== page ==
Title: Language boundary-crossing by business school faculty using English as a medium of instruction
Authors: Peter Daly; Dennis Davy
Addresses: Department of Business Communication and Language Studies, EDHEC Business School, 24 Avenue Gustave Delory, CS 50411, 59047 Roubaix, Cedex 1, France ' Department of Business Communication and Language Studies, EDHEC Business School, 24 Avenue Gustave Delory, CS 50411, 59047 Roubaix, Cedex 1, France
Abstract: This paper explores the challenges facing non-native speaking faculty using English as a medium of instruction in French business schools. It analyses the challenges reported by 15 faculty members, their perceptions of what is lost and gained, the strategies they employ and the metaphors they use to describe their teaching experience. Findings show that the challenges are both linguistic and non-linguistic, with faculty reporting both linguistic loss and cultural and pedagogical gain, as they enact communicative and coping strategies to compensate for their lack of English knowledge, and use metaphors that evoke their teacher identity. This research points to the need to conduct language audits given the sophistication of language use within the management academy, the taken-for-granted nature of institutional Englishisation as well as the multiple identities of business school faculty, who undertake extensive personal development to navigate the challenges they face when teaching in English.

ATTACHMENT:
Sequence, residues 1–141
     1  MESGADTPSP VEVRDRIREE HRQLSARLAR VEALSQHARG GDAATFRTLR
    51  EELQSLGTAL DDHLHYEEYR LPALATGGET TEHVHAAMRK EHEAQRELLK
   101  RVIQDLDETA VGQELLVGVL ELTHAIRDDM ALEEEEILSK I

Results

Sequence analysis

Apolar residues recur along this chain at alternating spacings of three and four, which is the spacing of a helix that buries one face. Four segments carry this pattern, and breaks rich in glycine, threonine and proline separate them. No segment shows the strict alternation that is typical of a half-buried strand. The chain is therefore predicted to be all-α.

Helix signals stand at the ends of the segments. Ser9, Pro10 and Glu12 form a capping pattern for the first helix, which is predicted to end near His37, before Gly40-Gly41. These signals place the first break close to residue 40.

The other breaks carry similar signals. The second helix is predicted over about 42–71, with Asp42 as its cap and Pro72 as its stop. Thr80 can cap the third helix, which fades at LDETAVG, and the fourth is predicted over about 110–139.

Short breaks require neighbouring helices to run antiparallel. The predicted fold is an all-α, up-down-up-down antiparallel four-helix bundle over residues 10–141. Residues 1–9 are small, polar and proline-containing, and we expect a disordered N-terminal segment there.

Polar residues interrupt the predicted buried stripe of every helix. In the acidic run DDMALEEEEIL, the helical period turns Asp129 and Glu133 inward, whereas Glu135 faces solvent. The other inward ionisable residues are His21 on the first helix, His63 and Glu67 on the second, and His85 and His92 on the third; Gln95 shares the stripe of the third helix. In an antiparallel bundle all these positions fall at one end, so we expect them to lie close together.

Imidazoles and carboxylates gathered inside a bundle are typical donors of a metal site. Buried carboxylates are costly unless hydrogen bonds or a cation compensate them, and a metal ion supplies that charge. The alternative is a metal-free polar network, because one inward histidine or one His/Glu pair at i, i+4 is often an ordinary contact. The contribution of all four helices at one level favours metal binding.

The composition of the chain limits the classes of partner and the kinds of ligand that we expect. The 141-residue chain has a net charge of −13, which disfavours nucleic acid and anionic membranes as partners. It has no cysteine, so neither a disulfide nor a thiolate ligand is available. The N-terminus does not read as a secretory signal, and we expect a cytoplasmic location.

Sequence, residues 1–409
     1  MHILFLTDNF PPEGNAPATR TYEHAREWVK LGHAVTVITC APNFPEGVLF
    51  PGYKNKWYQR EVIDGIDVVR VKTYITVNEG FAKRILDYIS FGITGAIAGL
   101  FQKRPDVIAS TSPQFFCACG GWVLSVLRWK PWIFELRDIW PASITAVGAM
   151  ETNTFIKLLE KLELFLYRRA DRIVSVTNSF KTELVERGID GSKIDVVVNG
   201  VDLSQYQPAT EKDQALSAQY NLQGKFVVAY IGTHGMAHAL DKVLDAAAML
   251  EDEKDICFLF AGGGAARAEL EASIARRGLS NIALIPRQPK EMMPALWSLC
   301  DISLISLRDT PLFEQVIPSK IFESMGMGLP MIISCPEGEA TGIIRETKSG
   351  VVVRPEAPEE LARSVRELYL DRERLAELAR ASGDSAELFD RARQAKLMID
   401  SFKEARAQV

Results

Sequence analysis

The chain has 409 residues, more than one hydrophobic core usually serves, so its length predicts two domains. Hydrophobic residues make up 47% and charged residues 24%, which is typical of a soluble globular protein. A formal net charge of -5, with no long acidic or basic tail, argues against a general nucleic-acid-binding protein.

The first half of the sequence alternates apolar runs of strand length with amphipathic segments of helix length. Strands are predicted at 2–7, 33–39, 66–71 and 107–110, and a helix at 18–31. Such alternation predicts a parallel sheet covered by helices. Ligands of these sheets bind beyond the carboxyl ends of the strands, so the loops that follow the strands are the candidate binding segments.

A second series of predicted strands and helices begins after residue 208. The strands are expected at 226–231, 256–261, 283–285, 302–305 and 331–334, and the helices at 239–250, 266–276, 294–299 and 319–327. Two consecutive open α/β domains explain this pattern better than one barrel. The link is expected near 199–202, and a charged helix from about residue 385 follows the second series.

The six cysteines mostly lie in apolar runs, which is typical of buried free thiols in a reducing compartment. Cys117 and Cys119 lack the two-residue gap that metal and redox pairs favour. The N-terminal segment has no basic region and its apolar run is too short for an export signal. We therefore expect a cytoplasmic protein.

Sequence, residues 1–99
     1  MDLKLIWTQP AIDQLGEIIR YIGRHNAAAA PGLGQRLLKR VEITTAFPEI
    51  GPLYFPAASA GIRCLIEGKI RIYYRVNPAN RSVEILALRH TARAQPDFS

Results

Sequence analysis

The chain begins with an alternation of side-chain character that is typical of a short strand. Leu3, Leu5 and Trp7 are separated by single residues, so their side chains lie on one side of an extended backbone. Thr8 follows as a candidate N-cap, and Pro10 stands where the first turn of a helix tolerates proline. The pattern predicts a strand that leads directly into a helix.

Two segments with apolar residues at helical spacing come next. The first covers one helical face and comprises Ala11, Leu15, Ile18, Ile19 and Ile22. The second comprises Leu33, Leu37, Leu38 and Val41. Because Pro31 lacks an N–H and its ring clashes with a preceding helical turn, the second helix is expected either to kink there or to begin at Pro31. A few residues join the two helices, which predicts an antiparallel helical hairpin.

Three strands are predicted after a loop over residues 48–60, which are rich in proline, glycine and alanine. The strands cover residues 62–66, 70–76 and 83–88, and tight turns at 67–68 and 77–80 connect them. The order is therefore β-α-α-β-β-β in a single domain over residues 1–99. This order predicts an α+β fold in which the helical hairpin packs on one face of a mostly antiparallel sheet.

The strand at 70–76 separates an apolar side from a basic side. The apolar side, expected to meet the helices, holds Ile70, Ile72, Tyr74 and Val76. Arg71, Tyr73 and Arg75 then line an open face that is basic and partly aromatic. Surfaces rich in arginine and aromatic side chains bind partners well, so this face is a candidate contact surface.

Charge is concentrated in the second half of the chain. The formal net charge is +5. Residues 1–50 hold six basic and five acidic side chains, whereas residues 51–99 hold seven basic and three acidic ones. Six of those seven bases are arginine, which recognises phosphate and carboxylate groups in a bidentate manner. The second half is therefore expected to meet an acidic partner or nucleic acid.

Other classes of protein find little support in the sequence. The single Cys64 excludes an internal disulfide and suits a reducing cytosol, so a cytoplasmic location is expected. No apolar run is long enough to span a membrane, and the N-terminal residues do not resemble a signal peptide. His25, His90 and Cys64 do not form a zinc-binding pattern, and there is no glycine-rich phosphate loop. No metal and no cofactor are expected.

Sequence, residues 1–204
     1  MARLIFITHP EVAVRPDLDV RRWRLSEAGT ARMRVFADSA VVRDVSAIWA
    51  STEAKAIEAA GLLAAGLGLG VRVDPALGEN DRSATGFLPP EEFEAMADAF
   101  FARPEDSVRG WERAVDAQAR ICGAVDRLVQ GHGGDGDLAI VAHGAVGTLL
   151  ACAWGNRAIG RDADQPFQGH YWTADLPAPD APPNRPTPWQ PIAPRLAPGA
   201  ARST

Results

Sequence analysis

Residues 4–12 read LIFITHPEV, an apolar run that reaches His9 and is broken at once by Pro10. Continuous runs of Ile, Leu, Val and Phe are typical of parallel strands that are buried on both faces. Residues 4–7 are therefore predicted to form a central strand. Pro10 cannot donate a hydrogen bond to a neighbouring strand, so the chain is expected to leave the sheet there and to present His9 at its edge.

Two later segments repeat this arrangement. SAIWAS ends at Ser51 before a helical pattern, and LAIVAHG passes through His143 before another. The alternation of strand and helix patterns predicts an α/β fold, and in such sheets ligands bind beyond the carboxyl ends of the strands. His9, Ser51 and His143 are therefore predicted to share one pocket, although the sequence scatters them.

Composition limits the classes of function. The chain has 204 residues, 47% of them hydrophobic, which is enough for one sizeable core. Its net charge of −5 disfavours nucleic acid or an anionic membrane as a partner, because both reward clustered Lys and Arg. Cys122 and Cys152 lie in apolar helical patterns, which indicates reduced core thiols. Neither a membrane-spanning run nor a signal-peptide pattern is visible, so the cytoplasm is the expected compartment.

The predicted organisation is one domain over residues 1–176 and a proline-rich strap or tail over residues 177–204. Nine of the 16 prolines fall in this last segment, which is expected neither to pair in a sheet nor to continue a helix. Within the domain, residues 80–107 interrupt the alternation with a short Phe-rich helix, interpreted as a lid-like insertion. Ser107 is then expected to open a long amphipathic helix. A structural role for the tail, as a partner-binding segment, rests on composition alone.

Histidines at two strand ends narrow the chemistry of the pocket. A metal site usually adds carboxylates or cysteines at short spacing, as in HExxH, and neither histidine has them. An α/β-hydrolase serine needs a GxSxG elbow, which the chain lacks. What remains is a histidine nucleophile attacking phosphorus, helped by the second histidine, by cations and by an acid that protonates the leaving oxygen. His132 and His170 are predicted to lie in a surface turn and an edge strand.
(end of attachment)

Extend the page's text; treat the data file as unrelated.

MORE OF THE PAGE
Keywords: Englishisation; English as medium of instruction; business school; linguistic imperialism; hegemony; language barriers; boundary-crossing; self-concept; faculty perception; metaphor.
European Journal of International Management, 2018 Vol.12 No.1/2, pp.62 - 81
Available online: 27 Nov 2017 *Full-text access for editors Access for subscribers Purchase this article Comment on this article